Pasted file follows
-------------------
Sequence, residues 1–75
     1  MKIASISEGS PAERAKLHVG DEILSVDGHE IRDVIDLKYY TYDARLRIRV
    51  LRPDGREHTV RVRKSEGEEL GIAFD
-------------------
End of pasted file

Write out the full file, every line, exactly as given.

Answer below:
Sequence, residues 1–75
     1  MKIASISEGS PAERAKLHVG DEILSVDGHE IRDVIDLKYY TYDARLRIRV
    51  LRPDGREHTV RVRKSEGEEL GIAFD